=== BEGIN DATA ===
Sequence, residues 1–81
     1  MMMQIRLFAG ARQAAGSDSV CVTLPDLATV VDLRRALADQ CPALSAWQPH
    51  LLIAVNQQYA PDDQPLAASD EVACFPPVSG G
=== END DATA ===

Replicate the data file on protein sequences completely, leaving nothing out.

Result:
Sequence, residues 1–81
     1  MMMQIRLFAG ARQAAGSDSV CVTLPDLATV VDLRRALADQ CPALSAWQPH
    51  LLIAVNQQYA PDDQPLAASD EVACFPPVSG G